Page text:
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What is Digital Health, and How Does it Affect Your People?

July 17, 2018 / Employee Engagement

As Apple and Google are encouraging their employees to take breaks from email, conduct laptop-free meetings, and escape an “always on” culture, it’s clear that concerns over digital health are on the rise. But what is digital health? And what does it mean for your employees in our hyper-connected world?

Digital health refers to an individual’s relationship with the digital world, the amount of time he or she spends interacting with screens and the level of pressure they feel to be connected. This usually refers their professional lives but can also include online gaming, social media, and moving image consumption. A 2016 Nielsen Company audience report indicated that adults in the U.S. spend over 10½ hours per day looking at screens, including tablets, smartphones, personal computers, multimedia devices, video games, radios, DVDs, DVRs and TVs.

Being “On” Leads to Burnout

At first glance, it seems counter-intuitive. Part of the benefit of technology in our working culture is that it allows employees to communicate, ask each other questions, and provide better service to customers and clients. Plus, our always-with-us devices make it easier than ever to do just that.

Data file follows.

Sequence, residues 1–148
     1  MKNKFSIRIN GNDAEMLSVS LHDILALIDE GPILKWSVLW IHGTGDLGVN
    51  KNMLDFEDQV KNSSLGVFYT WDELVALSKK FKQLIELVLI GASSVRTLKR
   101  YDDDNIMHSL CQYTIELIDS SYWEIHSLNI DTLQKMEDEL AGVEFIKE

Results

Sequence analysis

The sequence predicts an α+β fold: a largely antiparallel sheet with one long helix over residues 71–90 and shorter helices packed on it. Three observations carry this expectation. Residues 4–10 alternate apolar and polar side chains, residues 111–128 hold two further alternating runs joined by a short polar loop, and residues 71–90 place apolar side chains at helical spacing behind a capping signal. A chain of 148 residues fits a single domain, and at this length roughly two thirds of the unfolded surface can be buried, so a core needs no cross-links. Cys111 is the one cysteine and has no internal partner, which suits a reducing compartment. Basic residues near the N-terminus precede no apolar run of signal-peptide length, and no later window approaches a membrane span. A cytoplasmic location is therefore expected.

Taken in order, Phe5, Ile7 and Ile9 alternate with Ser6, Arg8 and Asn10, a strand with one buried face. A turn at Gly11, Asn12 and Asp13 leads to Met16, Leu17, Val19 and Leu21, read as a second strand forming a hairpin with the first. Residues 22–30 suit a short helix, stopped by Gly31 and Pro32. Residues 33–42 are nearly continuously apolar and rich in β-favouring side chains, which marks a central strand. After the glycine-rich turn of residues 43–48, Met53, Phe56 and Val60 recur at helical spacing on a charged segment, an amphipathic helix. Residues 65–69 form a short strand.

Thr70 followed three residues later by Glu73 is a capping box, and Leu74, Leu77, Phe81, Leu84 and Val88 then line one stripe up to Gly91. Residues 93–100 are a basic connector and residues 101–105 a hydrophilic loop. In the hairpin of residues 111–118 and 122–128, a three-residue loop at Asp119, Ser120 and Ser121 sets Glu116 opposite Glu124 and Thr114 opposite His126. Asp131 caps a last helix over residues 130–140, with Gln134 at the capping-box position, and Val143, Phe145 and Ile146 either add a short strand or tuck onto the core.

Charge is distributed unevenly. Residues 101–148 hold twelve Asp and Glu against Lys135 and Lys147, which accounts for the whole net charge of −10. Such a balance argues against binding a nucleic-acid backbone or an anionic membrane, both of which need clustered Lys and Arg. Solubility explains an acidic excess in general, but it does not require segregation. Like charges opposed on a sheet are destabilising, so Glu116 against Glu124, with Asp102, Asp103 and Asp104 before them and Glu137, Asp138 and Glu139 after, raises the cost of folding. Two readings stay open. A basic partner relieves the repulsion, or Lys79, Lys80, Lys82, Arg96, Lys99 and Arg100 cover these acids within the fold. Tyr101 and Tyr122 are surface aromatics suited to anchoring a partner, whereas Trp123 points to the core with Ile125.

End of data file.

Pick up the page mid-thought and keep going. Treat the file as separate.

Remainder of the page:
However, employers are finding this is not without dire consequences. As interconnectivity increases, so do levels of stress, burnout, and employee turnover nationwide. So much so that there’s proposed legislation in NYC that would protect employees from taking business calls or answering emails after business hours.

Furthermore, as it shakes out, being “on” is bad for productivity. Nearly 60% of tech workers suffer from burnout, leading to depression, heart disease, and rapidly-rising employer health benefit cost.

Organizations Need Healthy Productivity

Ultimately, HR leaders are seeking individuals that can work hard, bring the best of their talent to the organization, and live healthy lives. This means fostering healthy productivity, and not productivity at the expense of mental health or producing sub-par work product.

There are many ways to help foster digital health within your organization, and they don’t all have to be radical culture changes. Here are just a few:

  • Encourage employees to block off breaks on their calendar, just like they do meetings.
  • Stock the kitchen so a healthy snack break is always an option during the day.
  • Encourage walking meetings or brisk walks with team members to get outside and enjoy fresh air.
  • Encourage mindfulness and meditation. If you’re a Virgin Pulse client, you can take full advantage of our partnership with Whil.
  • As always, your management team is your best ally when it comes to culture change. If you find that the above tips aren’t sticking, make sure that management is leading by example.

To learn more about mindfulness and how it rewires our brains to be more focused, resilient and high performing read our E-Book: The Competitive Advantage of Mindfulness.

 

 

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